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|Statement on Appellate Court's Decision|
On August 10, 2009 the Appellate Division lifted a stay that had been granted to appellant provider groups and upheld the Department’s 2007 amendments to the Personal Injury Protection (“PIP”) Medical Fee Schedule used to reimburse providers who treat insureds injured in automobile accidents. Pursuant to this ruling, insurers must now utilize the fee schedule contained in the regulation when reimbursing providers for treatments rendered on or after the day of the decision. The court enjoined one minor provision of the rule regarding a database that insurers could use to help them determine usual, reasonable and customary fees for the limited number of services not specified on the fee schedule. The court remanded that portion of the regulation to the Department for further review of the database.
Thus, the court decision rewards the extensive work the Department has been doing for several years to contain PIP costs, which historically have been a major cause of automobile insurance rate increases (over the past several years insurers have spent approximately $1.20 on medical care related expenses for every $1.00 received in PIP premiums). Implementation of the Department’s schedule will put downward pressure on auto insurance rates because it sets reasonable limits on insurer payments for medical services, increases cost predictability for all parties, and is designed to reduce costly and time consuming payment disputes. With fees delineated in the schedule covering more than 1,000 distinct medical services, many disputes and arbitration proceedings that took place prior to these fees being established will no longer be needed.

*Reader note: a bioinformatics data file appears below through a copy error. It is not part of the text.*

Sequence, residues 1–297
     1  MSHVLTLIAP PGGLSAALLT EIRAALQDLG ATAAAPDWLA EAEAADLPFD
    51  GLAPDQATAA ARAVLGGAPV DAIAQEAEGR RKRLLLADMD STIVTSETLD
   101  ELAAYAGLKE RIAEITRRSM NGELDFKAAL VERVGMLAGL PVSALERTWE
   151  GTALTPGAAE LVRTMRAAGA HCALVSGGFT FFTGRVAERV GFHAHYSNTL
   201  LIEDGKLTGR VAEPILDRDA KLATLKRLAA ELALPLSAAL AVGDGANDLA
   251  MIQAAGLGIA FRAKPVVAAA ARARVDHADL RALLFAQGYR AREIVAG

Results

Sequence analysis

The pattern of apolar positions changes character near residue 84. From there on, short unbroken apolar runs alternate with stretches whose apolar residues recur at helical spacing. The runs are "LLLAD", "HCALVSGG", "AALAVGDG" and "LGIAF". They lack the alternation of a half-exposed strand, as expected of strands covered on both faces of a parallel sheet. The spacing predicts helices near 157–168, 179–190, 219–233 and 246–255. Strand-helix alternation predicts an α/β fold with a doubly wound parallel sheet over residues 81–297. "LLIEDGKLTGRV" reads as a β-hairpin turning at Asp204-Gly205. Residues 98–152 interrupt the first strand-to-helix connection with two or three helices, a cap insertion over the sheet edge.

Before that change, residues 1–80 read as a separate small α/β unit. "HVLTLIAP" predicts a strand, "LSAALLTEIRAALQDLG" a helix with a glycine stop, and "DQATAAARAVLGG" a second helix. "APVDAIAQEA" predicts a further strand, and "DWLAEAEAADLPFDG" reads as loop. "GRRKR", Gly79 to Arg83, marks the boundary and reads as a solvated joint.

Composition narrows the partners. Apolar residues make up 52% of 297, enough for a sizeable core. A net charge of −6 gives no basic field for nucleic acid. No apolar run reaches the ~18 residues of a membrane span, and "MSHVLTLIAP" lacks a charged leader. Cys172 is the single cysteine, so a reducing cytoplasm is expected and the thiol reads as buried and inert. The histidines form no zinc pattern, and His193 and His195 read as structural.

The Appellate Division found that the Department engaged in extensive consultation with provider groups, conducted a detailed review of multiple sources of fee data, and made “considered and informed judgments” in developing its rules and comprehensive fee schedules. As noted by the court, the schedules reflect the amounts actually paid to providers by auto insurers, plus an additional amount in recognition of provider concerns about the administrative costs of filing PIP claims. Moreover, the court reiterated its prior holding that using the paid versus billed amount was entirely proper.
Consequently, one of the Department’s primary goals was to decrease the number of procedures in this unlisted procedure category and thereby reduce the number of provider/payer disputes and anomalously high provider reimbursement payments. By setting forth a fee schedule for more than 1,000 districts medical services and thereby remove these procedures from the “unlisted” category, the Department was able to accomplish this goal. The adoption of this comprehensive fee schedule is one of the final pieces of the auto insurance reform efforts over the past several years.
|Updated: September 1, 2009|
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